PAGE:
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Report on North Gorda Ridge Segment (United States) — January 1998

North Gorda Ridge Segment

Bulletin of the Global Volcanism Network, vol. 23, no. 1 (January 1998)
Managing Editor: Richard Wunderman.

North Gorda Ridge Segment (United States) Seismic swarm on 8 January

Please cite this report as:

Global Volcanism Program, 1998. Report on North Gorda Ridge Segment (United States) (Wunderman, R., ed.). Bulletin of the Global Volcanism Network, 23:1. Smithsonian Institution. https://doi.org/10.5479/si.GVP.BGVN199801-331031

North Gorda Ridge Segment

United States

42.67°N, 126.78°W; summit elev. -3000 m

All times are local (unless otherwise noted)

On 8 January in the NE Pacific, the NOAA/PMEL T-phase Monitoring System recorded high seismicity from the E flank of the Gorda Ridge's N section (figure 7). The exact nature of the activity is unknown. Over 500 small earthquakes were recorded during a 6-day period (figures 8 and 9). The events were located along several en-echelon normal faults on the flank of the Gorda Ridge, E of the neovolcanic zone (figure 9). The moment-tensor solution for a M 3.8 earthquake within the swarm showed the event to be a normal fault earthquake.

Figure (see Caption) Figure 7. Map of plate boundaries and other features associated with the Juan de Fuca Ridge in the NE Pacific. Courtesy of NOAA/PMEL.
Figure (see Caption) Figure 8. Number of seismic events per hour at the N section of the Gorda Ridge during 6-14 January 1998. Courtesy of NOAA/PMEL.
Figure (see Caption) Figure 9. Earthquake epicenters along the flank of the N end of Gorda Ridge recorded during 7-14 January 1998. The base map shows bathymetric contours shaded with darker fill patterns at greater depths. Courtesy of NOAA/PMEL.

Substantial data sets from the Gorda Ridge were collected during the 1980s, including water column surveys, full SeaBeam coverage, SeamarC I and II surveys, camera surveys, extensive dredges, and submersible dives. A submarine lava flow erupted in 1996 (BGVN 21:02 and 21:06) at the N end of the Gorda Ridge (~200 km W of Oregon's S coast). The eruption was initially detected based on acoustic T-waves (seismic waves transmitted through the ocean) from a seismic swarm and based on large thermal plumes in the colder ambient sea water. Subsequent camera tows revealed new lava flows ~100-200 m wide located along a fissure that was at least 3.5-km long.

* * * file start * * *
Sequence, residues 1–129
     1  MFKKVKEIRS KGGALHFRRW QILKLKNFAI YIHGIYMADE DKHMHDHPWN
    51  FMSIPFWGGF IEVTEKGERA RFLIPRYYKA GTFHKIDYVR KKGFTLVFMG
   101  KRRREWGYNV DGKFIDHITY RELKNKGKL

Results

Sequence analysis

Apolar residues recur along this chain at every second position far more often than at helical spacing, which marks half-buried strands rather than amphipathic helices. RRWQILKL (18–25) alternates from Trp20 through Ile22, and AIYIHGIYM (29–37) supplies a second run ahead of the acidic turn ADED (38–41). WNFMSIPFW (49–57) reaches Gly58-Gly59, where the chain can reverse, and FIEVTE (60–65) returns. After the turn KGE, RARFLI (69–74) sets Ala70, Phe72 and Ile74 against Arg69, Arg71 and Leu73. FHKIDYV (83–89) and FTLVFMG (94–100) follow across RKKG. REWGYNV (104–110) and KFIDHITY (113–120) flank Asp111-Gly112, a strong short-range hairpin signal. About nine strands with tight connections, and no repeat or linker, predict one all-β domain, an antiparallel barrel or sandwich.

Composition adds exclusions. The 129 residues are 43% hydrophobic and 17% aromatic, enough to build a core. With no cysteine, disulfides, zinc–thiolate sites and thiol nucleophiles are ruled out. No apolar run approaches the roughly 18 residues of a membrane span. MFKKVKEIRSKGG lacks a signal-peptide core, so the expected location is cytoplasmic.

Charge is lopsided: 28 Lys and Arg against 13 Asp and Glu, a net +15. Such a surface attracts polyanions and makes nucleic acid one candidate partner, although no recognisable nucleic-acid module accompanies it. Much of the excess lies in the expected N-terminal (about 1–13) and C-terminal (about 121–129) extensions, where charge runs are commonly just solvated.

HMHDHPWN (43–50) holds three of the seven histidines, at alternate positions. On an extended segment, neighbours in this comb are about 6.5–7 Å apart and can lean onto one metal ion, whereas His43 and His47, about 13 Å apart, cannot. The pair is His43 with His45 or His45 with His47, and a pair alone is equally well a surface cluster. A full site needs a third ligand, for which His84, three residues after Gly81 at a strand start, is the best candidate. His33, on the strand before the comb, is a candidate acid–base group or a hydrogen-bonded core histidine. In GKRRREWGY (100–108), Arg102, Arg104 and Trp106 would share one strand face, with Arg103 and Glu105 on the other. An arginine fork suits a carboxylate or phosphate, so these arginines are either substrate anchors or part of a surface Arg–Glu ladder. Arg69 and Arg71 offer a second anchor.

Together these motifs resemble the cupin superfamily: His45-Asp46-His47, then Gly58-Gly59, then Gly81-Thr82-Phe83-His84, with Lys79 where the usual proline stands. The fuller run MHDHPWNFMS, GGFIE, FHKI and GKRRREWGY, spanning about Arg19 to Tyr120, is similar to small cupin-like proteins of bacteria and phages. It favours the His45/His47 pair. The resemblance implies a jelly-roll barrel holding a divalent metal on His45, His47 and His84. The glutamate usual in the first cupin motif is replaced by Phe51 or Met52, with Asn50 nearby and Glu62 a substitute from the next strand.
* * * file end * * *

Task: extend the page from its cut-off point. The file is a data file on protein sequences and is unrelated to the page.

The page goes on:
Geological Summary. The northernmost of five segments of the Gorda Ridge lies immediately south of the Blanco Transform Fault that offsets the Gorda and Juan de Fuca oceanic spreading ridges. The 65-km-long segment is located about 200 km W of the southern Oregon coast and has deep 5- 10-km-wide valleys at either ends with a shallower narrow axial valley at the center. This morphology, which in plan view resembles an hourglass, is typical of magmatically active spreading segments. A submarine lava flow was erupted in late February and early March 1996, near the center of the segment. The eruption was initially detected through acoustic T-waves from a seismic swarm and the emission of large thermal plumes. In April submarine cameras revealed new lava flows about 100-200 m wide along a fissure that was at least 3.5 km long. A seismic swarm of uncertain origin also occurred at this location in January 1998.

Information Contacts: Chris Fox and Bob Dziak, NOAA Pacific Marine Environmental Laboratory (PMEL), 2115 SE Osu Drive, Newport, OR 97365 USA (URL: https://www.pmel.noaa.gov/).